Mizuna and lettuce “Little Gem” were grown from seed. Seeds were sown in 10 cm square plastic pots containing soilless substrate (Fafard 3B mix; Sun Gro Horticulture, Agawam, MA, USA) and the trays were subirrigated daily using an automated ebb-and-flow system supplying a fertilizer solution containing 100 mg·L–1 total N (15N-2.2P-12.5K, Peters Excel 15-5-15 Cal-Mag Special, ICL Specialty Fertilizers, Dublin, OH, USA). Fertilizer solution was added to the ebb-and-flow reservoirs as needed; the solution in the reservoirs was not changed during the experiment. One tray with 15 pots of each of the two species was placed in each growing area. Species were arranged randomly within each section, and re-randomized in each experiment.
The mizuna and lettuce grew at different rates and were harvested at 30 and 41 d after planting (DAP), respectively. Harvest times were determined by visual inspection; mizuna plants were harvested when they outgrew the available space, while the lettuce was harvested when most of the plants had reached a commercial size.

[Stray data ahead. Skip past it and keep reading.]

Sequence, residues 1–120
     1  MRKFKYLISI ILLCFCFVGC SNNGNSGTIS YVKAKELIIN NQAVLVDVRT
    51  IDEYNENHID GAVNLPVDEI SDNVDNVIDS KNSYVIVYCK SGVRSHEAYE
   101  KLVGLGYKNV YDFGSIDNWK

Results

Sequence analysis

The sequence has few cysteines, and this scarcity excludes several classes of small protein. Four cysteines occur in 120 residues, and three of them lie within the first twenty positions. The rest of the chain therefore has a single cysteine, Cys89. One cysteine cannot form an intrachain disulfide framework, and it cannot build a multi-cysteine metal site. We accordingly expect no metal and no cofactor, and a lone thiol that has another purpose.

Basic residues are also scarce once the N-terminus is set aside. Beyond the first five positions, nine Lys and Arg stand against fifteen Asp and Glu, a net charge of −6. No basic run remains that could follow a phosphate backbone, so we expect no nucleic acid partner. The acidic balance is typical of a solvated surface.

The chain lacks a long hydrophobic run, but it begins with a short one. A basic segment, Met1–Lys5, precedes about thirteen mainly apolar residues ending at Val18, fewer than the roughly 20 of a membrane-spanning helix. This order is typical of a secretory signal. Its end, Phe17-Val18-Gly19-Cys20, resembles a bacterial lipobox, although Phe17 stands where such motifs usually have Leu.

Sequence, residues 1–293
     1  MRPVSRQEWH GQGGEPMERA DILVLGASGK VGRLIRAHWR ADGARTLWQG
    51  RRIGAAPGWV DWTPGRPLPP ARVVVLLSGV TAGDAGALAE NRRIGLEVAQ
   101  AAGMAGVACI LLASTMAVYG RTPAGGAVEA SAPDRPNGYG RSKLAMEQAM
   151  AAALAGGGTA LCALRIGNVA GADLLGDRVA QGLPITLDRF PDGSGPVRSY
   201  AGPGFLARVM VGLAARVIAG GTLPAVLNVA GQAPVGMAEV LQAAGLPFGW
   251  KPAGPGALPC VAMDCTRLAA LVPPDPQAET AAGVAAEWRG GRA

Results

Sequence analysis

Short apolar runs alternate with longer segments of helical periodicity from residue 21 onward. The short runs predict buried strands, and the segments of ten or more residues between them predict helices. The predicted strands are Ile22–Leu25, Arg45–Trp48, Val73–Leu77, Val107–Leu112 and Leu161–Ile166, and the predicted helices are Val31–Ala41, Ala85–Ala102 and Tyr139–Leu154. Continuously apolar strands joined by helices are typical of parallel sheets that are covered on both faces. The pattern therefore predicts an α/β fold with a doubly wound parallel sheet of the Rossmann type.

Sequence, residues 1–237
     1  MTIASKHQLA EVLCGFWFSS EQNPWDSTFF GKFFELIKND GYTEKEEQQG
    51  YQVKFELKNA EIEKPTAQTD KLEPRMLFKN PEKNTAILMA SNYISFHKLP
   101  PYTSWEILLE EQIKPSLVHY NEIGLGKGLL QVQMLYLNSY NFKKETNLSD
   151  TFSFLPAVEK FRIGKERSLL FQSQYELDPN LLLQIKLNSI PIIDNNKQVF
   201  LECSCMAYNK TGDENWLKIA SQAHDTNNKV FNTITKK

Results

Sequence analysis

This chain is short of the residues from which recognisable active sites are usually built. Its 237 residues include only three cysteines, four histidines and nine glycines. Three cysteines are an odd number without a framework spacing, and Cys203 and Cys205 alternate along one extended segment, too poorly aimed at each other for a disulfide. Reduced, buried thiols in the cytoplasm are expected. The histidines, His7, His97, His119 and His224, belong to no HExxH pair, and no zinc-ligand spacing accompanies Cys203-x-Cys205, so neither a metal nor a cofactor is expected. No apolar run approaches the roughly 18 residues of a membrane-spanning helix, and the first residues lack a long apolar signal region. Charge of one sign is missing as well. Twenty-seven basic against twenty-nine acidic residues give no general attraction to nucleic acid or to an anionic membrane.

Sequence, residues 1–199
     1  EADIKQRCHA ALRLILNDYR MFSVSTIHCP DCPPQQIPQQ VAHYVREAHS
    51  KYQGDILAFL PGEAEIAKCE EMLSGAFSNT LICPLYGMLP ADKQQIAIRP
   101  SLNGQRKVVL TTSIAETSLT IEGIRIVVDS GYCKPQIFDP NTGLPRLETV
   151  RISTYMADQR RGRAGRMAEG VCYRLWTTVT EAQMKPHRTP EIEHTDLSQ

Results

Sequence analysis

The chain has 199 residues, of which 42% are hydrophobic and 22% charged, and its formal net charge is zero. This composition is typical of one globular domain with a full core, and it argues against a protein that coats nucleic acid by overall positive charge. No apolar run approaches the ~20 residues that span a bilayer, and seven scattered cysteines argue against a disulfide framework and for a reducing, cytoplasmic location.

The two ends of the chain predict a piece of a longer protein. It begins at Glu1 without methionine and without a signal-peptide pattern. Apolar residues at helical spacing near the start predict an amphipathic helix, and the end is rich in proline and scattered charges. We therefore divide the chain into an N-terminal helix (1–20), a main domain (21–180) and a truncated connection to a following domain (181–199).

2.3. Data Collection

Leaf chlorophyll content index (CCI, a dimensionless indicator of leaf chlorophyll content) was measured with a handheld chlorophyll content meter (CCM-200 plus; Opti-Sciences, Hudson, NH, USA) in both species at regular intervals during both experiments. Four fully expanded leaves in each tray were measured and the average CCI value calculated.
The quantum yield of photosystem II was measured with a chlorophyll fluorometer (Mini-PAM; Walz, Effeltrich, Germany) on leaves of both species just before harvest (29 and 40 DAP for mizuna and lettuce, respectively) during the first experiment. Four fully expanded leaves with direct exposure to the overhead lights were measured in each experimental unit and the average of the four readings in each unit was calculated.